I was planning to speak today on the importance of voting.  With rights come responsibilities.  The responsibility to vote is especially important when the choices offered are unpleasant.

But then the Orlando shooting occurred, and I’ve had to rethink this speech.  I’ve had to look into the very nature of our democracy, and the nature of the rights we espouse.

Our nation came into existence with the Declaration of Independence.  Our federal government began to function in its present form with the ratification of the Constitution.

But our basic rights as individuals do not come from the Declaration or from the Constitution.  The founders of our nation understood that these rights are found in natural law, and that they are provided by Nature and Nature’s Creator.  They emanate from the inherent worth and sacredness of the individual.  These were merely acknowledged by the Declaration, and made enforceable as positive law through the Constitution.

Yet the founders of our nation also understood social contract, a concept advanced by philosophers in the seventeenth and eighteenth centuries.  We are not isolated individuals.  For our mutual benefit and protection, we form a social contract: we surrender our natural rights at least to some extent.

As we live in a democracy, we do not surrender our rights to a severe extent.  But the limitations are there nonetheless.  No right is absolute.

The right to bear arms is not absolute.  After so many shootings, we need to stop the nonsense of saying that there should be no gun laws.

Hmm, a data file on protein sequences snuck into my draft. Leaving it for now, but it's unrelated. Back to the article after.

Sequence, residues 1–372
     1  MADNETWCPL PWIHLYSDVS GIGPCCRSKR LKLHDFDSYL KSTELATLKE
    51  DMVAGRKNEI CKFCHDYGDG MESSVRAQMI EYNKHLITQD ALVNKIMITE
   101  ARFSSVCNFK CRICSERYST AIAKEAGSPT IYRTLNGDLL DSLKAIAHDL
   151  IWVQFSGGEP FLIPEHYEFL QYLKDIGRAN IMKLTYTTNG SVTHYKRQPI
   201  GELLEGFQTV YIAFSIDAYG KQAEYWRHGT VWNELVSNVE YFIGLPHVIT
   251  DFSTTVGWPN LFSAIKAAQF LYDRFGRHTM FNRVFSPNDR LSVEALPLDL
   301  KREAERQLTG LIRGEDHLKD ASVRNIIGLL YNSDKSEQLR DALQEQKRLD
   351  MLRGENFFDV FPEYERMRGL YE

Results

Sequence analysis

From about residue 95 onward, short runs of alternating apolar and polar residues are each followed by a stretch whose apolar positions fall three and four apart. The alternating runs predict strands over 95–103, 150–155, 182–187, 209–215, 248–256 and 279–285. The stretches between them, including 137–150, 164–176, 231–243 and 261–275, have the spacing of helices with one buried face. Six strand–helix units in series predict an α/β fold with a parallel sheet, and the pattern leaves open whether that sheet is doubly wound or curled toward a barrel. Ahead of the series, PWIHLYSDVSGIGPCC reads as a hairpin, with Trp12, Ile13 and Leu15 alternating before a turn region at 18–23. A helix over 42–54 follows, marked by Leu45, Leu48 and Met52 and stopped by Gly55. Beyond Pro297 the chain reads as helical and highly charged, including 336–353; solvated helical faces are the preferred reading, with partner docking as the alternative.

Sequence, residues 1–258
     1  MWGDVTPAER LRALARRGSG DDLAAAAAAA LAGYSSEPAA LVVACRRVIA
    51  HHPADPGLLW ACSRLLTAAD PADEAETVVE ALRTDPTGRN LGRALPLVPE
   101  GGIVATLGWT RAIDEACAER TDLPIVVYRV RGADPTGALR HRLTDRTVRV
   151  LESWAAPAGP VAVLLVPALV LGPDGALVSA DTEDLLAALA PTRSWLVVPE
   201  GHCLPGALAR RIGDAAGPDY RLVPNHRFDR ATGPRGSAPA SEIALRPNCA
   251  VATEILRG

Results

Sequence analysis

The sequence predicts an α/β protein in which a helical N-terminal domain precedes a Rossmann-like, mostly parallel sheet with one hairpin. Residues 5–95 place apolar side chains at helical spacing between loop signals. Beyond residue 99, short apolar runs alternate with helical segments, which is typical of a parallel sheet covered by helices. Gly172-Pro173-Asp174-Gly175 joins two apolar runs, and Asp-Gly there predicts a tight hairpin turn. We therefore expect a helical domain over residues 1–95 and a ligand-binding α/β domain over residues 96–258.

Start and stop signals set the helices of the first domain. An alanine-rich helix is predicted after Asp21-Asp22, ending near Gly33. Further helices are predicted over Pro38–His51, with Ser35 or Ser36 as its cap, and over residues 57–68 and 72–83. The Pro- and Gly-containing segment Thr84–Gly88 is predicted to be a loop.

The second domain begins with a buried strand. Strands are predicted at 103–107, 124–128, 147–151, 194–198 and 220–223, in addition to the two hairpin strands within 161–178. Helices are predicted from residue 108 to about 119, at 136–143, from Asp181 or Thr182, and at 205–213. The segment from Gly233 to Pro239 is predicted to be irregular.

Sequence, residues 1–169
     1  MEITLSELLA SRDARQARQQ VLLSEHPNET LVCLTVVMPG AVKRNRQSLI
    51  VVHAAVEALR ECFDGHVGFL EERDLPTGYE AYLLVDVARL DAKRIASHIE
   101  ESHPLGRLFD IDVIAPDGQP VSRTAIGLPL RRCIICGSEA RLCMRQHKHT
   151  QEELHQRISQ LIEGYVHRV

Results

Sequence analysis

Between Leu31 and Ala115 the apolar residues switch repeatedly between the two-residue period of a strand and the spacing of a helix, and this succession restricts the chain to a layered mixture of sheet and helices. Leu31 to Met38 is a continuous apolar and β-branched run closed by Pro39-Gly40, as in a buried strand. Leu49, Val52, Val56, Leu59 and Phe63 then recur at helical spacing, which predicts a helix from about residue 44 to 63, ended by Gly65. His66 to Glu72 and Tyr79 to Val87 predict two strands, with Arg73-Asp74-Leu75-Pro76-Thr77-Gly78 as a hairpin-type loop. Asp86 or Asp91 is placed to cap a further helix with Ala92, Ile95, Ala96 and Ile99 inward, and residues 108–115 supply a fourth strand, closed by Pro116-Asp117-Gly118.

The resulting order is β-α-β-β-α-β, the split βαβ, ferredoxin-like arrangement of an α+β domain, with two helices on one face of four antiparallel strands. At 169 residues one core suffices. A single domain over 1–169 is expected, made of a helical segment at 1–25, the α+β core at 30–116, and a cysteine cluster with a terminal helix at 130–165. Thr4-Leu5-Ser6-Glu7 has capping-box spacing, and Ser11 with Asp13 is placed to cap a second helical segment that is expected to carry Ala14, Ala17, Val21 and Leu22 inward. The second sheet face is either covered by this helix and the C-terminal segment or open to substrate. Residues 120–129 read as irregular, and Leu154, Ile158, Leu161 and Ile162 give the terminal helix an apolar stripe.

The Orlando shooter had a history of domestic violence.  He had connections with a suicide bomber.  The FBI had interviewed him at least three times, and had him on a watch list.  Nevertheless, days before the shooting, he was allowed to purchase assault weapons.

It is political folly to argue whether this shooting was a hate crime or a terrorist act.  It was both.  It is foolish to say that this was not a terrorist act.

Now, close to fifteen years after 9/11, our nation still does not have an effective security system.  We have long lines at airports, but weapons can find their way onto planes.  Suspected terrorists can buy assault weapons.

Individuals with terrorist connections are not allowed to fly.  They should also not be allowed to buy guns.  Laws need to be passed to this effect by Congress.  Let those on the right wing be made to explain why this hole remains in our national security.

Abraham Lincoln said that the government of the people, by the people and for the people shall not perish from the earth.  But we are only one nation among many in the earth’s history.  The prospect of any society’s survival is largely dependent on that society’s willingness to address its issues responsibly.

In our history, we have finally several resolved major issues after much controversy and considerable blundering.  We ended slavery, and we ended segregation.

The time to address the gun issue responsibly and rationally is now, and it can begin with terrorism.

About jalesy55

Charles Lupia is a playwright, freelance writer and lawyer. His blogs cover a range of topics, from politics to entertainment.
This entry was posted in assault weapons, law and politics, News and politics and tagged , . Bookmark the permalink.

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